The general election, politics and charities

Charities have to be very cautious at the best of times about never being seen to support or oppose a particular political party. While there have been attempts, formal and informal, to restrict the freedom of charities to speak out on issues, these have been resisted.

In normal times it is fine for me to say that a particular policy will have a positive or negative impact on our client group, even if that policy is associated entirely with one political party. It is not acceptable to say: “Those evil (party name), typical of them proposing ….” And equally unacceptable to say: “I love the (party name), they are so wonderful ….”.

During a general election it is all the more restrictive. There is a fine line that can easily be crossed by statements that can be seen supporting or opposing the manifesto of a particular party. There are things I have long called for which might, and I suspect will, be in the manifesto of various parties, but not all.

Therefore, discretion is the better part of valour at these times.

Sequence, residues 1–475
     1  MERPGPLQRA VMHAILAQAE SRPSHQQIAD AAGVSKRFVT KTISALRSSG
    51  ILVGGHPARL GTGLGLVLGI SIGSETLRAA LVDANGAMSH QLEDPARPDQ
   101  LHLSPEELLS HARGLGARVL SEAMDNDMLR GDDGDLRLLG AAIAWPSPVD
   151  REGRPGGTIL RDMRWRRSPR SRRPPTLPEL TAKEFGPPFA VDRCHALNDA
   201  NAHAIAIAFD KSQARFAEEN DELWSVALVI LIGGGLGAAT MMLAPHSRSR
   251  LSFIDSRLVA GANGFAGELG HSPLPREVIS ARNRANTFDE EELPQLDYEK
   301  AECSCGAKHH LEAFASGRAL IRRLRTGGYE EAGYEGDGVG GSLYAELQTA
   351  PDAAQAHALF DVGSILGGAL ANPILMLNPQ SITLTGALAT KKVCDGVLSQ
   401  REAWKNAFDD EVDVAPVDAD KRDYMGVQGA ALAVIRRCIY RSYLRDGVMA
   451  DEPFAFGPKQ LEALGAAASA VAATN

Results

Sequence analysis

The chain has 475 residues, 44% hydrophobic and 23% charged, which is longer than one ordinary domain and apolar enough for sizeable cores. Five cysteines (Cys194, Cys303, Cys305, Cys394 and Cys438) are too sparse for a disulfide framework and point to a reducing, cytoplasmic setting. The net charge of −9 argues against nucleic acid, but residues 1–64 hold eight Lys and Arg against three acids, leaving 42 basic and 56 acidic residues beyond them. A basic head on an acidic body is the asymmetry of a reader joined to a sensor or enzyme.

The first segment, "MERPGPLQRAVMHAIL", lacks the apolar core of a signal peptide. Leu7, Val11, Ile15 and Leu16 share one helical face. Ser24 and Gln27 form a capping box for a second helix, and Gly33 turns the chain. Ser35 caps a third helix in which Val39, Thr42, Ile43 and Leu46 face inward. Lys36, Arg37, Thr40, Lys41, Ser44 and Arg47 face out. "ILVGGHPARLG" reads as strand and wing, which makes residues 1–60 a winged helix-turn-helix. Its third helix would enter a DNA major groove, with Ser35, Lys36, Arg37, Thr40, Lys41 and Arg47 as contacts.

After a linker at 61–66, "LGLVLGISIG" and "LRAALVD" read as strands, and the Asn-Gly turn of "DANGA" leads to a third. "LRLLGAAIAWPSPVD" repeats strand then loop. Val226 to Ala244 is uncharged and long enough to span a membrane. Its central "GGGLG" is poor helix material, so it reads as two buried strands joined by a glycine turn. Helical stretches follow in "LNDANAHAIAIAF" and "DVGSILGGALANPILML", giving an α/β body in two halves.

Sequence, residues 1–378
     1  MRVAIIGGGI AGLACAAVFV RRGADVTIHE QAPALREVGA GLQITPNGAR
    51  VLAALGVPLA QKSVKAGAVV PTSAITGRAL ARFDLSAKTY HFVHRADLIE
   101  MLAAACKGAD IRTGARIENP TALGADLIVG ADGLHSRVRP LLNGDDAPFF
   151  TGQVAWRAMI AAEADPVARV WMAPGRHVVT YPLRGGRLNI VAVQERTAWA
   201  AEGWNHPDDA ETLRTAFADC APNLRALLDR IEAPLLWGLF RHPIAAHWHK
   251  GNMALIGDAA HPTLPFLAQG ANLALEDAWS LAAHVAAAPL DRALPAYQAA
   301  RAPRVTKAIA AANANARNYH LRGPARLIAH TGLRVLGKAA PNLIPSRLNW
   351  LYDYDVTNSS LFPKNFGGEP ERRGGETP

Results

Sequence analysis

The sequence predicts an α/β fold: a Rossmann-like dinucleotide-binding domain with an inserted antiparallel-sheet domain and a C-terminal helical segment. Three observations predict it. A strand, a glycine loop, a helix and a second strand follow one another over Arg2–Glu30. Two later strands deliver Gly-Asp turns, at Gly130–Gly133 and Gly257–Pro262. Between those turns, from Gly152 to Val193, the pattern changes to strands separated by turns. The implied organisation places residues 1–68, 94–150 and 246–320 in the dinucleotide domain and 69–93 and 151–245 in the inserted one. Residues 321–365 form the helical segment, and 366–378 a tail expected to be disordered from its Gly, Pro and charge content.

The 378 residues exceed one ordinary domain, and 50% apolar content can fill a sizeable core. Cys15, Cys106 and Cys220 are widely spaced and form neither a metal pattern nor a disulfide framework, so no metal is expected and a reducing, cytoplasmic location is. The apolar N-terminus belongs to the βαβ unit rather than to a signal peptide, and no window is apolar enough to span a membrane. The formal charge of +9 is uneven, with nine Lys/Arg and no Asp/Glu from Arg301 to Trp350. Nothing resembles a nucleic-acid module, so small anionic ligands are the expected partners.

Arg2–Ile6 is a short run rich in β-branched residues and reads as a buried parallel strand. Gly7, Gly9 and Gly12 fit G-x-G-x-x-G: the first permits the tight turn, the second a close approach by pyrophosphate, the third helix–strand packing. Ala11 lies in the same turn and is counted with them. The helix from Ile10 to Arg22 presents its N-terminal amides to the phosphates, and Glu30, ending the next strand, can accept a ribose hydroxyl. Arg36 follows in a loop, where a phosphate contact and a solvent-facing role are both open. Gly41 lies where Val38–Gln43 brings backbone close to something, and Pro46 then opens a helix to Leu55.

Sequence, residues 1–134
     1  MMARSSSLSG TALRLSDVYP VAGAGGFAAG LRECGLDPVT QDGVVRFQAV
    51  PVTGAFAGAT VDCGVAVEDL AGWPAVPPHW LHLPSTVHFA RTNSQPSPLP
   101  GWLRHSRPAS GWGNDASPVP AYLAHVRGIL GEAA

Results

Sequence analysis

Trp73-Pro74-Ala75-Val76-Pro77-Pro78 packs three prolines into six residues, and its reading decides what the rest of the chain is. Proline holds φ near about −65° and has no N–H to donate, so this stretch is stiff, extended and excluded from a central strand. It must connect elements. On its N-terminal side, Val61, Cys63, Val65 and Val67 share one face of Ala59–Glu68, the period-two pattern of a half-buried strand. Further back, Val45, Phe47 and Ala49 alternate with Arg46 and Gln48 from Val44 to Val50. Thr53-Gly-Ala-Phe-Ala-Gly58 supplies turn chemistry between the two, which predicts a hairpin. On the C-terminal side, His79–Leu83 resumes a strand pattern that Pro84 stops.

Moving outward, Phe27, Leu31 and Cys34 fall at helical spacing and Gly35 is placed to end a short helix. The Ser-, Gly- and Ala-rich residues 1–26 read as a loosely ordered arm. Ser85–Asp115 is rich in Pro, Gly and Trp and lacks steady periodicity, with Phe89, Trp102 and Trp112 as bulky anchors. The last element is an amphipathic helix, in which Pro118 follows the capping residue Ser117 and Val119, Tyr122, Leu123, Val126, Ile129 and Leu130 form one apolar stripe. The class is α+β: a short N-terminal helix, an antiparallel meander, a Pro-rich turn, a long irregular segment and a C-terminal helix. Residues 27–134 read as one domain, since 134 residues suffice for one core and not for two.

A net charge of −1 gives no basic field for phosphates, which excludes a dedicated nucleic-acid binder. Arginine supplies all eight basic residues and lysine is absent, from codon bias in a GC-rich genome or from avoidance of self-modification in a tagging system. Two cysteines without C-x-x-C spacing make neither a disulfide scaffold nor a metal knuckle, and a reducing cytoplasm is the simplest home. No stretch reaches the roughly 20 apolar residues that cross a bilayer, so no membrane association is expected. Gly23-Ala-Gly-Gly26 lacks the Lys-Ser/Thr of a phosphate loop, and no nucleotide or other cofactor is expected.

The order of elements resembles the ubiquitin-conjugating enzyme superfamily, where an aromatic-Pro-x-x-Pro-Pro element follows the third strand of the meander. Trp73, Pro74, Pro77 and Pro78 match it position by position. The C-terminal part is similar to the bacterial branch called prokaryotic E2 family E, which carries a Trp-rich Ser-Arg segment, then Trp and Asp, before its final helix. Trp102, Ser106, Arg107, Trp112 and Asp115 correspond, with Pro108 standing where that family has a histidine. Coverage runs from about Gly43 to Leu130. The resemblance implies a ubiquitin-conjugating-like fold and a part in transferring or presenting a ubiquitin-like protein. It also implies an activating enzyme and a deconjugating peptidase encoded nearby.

In some elections we have a procession of politicians wishing to be seen visiting BHT or one of its services. The approach we will be taking this year is not to agree to a visit to BHT services by local candidates. I will meet with any of them to brief them on the issues facing our clients and those facing BHT itself.

In one election, three candidates who were due to debate each other on the Sunday Politics South East asked me to brief them. I t was amusing to listen to them, two of them normally at odds with each other, agreeing with each other, the third ignored what I had said and opposed the other two.

So this blog will be more toned down than usual. I will be publishing real life stories of clients but none will be related to the election.

But come 9th June, I might just find my voice again!